2.4.2. Anti-Butyrylcholinesterase Activity

The butyrylcholinesterase (BChE) inhibitory activities of ME and HWE from T. pubescens fruiting bodies were analyzed and compared with galanthamine, the standard reference. The BChE inhibitory effects of the ME (49.49%–75.73%) and HWE (47.93%–63.58%) were significantly lower than that of galanthamine (50.56%–81.12%) at 0.063–1.0 mg/mL (p < 0.001). The AChE inhibitory activity of both extracts increased with as their respective concentrations increased (Figure 8).
Orhan et al. [37] screened four phenolic acids and 10 flavonoid derivatives for BChE inhibitory activities and found chlorogenic acid, gallic acid, quercetin, genistein, leteolin-7-O-galactoside, naringin, silibinin, and silymarin to have inhibitory activities. In our experiment, two of those phenolic compounds, gallic acid and naringin, were found in the fruiting bodies of T. pubescens. These results could explain the high and moderate inhibitory activities of the fruiting body extracts of T. pubescens toward the BChE enzyme.

2.4.3. Glutamate-Induced Cytotoxicity

Glutamate is one of neurotransmitter in the central nervous system of mammals. However, excessively released glutamate in the system can lead to neuronal damage and cell death in a process known as excitotoxicity. A recent study suggested that the oxidative stress could cause mitochondrial dysfunction, and this event was mediated by glutamate-induced excitotoxicity and associated with neurodegenerative disorders [38].
A pheochromocytoma cell line (PC-12) derived from rat adrenal medulla, was used to evaluate the glutamate-induced cytotoxicity. The cell viability of PC-12 cells supplemented with 10 mM glutamate was 56.65% compared with the control, whereas the viabilities after 5, 10, 20, 40, and 100 μg/mL of ME supplementation were 43.63%, 53.32%, 78.73%, 76%, 35%, and 41.27%, respectively. In contrast, the viabilities of glutamate-treated PC-12 cells were 34.40%, 40.15%, 46.85%, 45.40%, and 31.47%, respectively, after treatment with the same concentrations of the HWE (Figure 9). These results suggest that the cytotoxicity of PC-12 cells induced by glutamate treatment was attenuated by the addition of the ME at the concentrations of 20 and 40 μg/mL, whereas the supplementation of 5, 10, and 100 μg/mL could not mitigate the cytotoxicity. However, the hot water extracts could not improve the cell viabilities compared with the glutamate-treated group at any concentration. The ME of T. pubescens only significantly alleviated the glutamate-induced cytotoxicity on PC-12 cells at 20 and 40 μg/mL.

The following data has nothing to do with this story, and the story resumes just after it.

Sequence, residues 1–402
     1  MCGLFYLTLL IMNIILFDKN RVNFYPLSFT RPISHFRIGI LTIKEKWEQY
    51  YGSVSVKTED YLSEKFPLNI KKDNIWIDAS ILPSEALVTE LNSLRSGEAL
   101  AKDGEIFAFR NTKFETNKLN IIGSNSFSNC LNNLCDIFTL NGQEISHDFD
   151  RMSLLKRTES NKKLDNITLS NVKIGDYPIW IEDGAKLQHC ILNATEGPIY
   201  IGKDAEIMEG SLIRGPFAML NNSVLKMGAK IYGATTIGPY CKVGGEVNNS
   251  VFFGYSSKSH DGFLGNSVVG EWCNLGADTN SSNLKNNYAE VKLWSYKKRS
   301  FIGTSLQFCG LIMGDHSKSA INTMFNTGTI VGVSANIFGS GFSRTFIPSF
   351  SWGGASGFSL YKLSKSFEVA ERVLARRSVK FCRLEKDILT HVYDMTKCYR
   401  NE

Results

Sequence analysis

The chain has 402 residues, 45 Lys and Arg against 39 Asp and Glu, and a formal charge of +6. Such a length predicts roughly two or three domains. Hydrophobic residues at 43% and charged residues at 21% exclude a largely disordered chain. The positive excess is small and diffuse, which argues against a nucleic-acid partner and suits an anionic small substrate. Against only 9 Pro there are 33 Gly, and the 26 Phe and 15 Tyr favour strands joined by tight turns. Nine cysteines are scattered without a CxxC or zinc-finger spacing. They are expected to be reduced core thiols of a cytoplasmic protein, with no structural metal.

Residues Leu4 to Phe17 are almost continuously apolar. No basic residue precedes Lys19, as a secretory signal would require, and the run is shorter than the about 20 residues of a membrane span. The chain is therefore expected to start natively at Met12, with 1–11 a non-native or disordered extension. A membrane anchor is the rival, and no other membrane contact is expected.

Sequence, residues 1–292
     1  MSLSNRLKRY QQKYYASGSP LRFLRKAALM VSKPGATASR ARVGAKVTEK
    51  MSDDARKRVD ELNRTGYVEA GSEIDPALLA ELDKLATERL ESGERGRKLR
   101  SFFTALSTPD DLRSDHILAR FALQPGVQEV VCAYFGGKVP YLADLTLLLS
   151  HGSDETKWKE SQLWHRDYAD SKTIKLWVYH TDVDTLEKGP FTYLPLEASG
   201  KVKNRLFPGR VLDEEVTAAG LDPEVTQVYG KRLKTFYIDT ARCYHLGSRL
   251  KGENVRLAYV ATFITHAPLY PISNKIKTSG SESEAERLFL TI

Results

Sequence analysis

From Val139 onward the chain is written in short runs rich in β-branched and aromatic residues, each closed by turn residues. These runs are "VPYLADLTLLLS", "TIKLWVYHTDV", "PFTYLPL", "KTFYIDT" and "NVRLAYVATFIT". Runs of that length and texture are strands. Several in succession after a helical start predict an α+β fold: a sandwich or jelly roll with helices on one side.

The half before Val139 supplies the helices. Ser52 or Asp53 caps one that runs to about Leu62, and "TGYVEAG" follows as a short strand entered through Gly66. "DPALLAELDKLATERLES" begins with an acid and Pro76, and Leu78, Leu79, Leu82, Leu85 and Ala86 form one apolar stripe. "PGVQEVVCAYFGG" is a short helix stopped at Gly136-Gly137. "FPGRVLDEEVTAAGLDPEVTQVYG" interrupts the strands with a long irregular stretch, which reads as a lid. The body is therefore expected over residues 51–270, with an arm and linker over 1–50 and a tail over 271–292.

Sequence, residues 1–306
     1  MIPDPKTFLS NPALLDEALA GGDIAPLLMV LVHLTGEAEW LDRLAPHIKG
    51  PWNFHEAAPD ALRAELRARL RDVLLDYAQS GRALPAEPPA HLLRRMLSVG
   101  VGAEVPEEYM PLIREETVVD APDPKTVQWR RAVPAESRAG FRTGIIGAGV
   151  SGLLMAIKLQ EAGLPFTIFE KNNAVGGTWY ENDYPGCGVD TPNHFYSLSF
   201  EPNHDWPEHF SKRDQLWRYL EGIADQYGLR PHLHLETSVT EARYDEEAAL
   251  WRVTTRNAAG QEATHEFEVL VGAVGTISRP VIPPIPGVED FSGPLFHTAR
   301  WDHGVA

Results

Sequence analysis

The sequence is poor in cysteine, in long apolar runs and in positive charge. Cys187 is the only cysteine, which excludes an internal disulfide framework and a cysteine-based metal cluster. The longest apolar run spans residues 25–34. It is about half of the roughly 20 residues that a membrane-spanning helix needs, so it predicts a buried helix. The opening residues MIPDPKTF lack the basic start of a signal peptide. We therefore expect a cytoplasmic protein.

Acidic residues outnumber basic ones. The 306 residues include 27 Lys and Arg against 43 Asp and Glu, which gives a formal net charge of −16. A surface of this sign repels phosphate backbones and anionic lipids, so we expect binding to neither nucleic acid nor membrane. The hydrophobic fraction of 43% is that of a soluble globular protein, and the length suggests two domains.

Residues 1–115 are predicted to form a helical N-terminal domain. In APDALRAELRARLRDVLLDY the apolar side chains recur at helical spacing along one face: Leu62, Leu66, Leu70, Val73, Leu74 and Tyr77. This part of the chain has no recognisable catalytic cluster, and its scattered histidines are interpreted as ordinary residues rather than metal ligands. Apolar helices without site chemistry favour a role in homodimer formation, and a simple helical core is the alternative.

Lee et al. [39] reported that PC-12 cell treatment with (−)-epigallocatechin gallate (EGCG), a polyphenol from green tea, reduced the glutamate-induced Ca2+ influx increase, while also increasing the viability of PC-12 cells against glutamate-induced cytotoxicity. Tan et al. [40] also found that various concentrations of biochanin-A from Trifolium pratense attenuated the glutamate-induced PC-12 cell cytotoxicity. In the present study, the ME extract significantly increased viability of PC-12 cells from glutamate-induced cytotoxicity, indicating that various phenolic compounds present in the mushroom fruiting body exerted free radical scavenging activities on the ROS generated by glutamate supplementation, and thereby protected the cells from death.

2.5. Inflammation Inhibitory Assay

2.5.1. Production of NO

Macrophages play pivotal roles in inflammatory process by producing several pro-inflammatory molecules, including NO. Evidence has indicated that excessively produced NO has been associated with various inflammation-related ailments such as arteriosclerosis, hypertension, and septic shock [41]. To evaluate the inhibitory effect of the mushroom extracts on the production of NO, lipopolysaccharide (LPS)-induced macrophage-like cell-lines (RAW 264.7) were used. The concentration of NO after treating LPS on RAW 264.7 macrophages for 24 h increased ~6.73-fold (6.47–43.55 μM), while the NO concentration from the varying T. pubescens extract concentration treatments decreased significantly in a concentration-dose dependent manner from 0.5 to 2 mg/mL (Figure 10).